Hydrophobia is another real gem of the Canadian Rockies. A 180m tall curtain of ice that flows off a vertical limestone cliff in a beautiful cirque above the Waiparous valley. The climb is guarded by a long - and sometimes problematic - approach, making it one of the more remote routes in the area. Do not expect crowds here.

We had been obsessed with the route ever since we spied it from the road on a reconnaissance drive into the Waiparous on December 30. That day, we had given up on climbing in the South Ghost because of the brutally cold and windy weather. We had taken the opportunity to try and explore the infamous drive into the Waiparous, following Will Gadd's detailed instructions (which you can find on his website). At one point along the long, snowy drive, the most spectacular ice flow is visible in the distance above Johnson Creek. We would be back when we felt ready to tackle the long, sustained route.

On February 19, we were ready to go. We drove into the North Ghost, hoping to approach the climb from the south. We had never had serious difficulties driving into the Ghost before, but that day, long sections of the tracks were covered in deep, unconsolidated snow and were deeply rutted. We had to stop repeatedly to inspect the next stretch on foot before launching full speed ahead into the chosen track to the next bare spot. This slowed our progress considerably. Eventually, it got so bad that we had to stop for good, about 3 miles short of the "trailhead". By then, we had lost too much time, and much of our resolve, so we gave up the attempt. The approach is long enough without adding extra miles to it.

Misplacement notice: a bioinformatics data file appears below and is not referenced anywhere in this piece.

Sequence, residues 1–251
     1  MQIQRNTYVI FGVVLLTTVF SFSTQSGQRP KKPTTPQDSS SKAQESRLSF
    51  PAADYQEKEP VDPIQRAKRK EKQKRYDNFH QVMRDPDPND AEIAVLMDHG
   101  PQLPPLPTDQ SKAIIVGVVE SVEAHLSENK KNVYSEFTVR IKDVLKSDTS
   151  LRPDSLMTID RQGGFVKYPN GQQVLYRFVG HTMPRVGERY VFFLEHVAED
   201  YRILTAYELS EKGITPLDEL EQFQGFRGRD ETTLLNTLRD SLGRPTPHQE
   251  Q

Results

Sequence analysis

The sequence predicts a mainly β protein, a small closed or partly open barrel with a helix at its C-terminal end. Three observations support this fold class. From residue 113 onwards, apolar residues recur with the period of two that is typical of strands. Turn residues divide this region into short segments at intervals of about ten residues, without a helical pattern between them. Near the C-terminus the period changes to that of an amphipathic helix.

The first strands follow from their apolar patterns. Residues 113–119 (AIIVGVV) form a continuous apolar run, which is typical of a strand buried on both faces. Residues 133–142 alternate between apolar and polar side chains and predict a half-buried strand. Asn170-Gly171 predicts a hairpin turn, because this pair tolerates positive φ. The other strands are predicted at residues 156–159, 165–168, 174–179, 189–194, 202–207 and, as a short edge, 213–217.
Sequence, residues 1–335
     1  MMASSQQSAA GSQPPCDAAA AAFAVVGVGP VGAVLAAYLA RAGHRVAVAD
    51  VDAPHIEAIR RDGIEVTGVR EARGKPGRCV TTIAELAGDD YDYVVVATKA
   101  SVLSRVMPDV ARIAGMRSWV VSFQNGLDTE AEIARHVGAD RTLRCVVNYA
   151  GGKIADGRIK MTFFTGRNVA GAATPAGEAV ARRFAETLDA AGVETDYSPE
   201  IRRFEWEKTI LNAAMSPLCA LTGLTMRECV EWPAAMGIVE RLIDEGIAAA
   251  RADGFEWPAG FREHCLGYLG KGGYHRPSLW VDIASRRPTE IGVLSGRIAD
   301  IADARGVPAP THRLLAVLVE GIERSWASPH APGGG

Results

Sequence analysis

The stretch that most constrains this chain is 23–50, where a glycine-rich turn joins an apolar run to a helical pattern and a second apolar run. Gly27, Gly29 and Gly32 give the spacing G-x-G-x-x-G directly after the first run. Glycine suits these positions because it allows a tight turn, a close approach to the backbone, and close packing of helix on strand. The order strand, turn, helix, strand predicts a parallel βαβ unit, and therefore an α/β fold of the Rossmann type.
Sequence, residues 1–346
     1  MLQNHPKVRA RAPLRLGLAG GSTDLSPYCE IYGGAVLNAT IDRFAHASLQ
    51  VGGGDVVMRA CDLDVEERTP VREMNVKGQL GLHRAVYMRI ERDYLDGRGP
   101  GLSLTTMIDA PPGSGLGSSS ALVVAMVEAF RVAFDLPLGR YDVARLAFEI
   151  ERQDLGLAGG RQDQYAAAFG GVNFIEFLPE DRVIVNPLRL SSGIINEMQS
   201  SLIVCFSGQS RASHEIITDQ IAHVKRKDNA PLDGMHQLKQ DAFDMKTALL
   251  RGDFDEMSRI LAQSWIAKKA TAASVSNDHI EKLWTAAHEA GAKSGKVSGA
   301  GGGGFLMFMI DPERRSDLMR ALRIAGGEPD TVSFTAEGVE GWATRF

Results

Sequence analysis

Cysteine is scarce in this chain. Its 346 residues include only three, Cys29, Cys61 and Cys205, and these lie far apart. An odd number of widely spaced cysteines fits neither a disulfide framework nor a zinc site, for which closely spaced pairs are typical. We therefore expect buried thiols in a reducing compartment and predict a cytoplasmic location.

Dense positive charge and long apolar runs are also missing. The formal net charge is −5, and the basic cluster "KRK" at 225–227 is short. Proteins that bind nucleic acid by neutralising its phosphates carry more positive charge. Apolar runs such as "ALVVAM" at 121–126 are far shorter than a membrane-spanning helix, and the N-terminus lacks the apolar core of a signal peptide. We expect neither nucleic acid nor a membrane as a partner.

Later that day, when we drove the Waiparous approach for a reconnaissance of the northern approach, we luckily found really good conditions. And most importantly, both river crossings were well frozen. Our excitement level jumped back up several notches. We would be back the next morning.

We left Canmore around 4 AM again on the 20th. By 6 AM, we had reached the end of the drive, at the start of a cut line into the forest that had way too much snow to be drivable (step 8 in Will Gadd's description). We got ready and started what would turn out to be a 2 hour and 20 minute approach to the climb. We were able to follow old ATV tracks most of the way, but carried snowshoes on our packs just in case. Just after 7AM, we started crossing a huge meadow (step 11 in WG). A beautiful spot. A sizeable group of moose went hiding in the woods as we passed by.

You cannot see the climb for most of the approach as it is hidden deep in a cirque. This makes it all the more impressive when you finally emerge from the woods and find yourself in the large rocky cirque, face to face with the huge ice flow. Gulp...

We were at the base of the route a little past 9AM. The cirque is a gorgeous and inviting place. I always find that having a comfortable spot to unpack and get ready at the base of a route makes a big difference on my mental state... helps relieve a lot of the anxiety. Given the length of the approach, we had brought a stove. We rested, melted snow, and had hot chocolate for over an hour before we started climbing. There was no rush: nobody else around and many more hours of daylight ahead of us.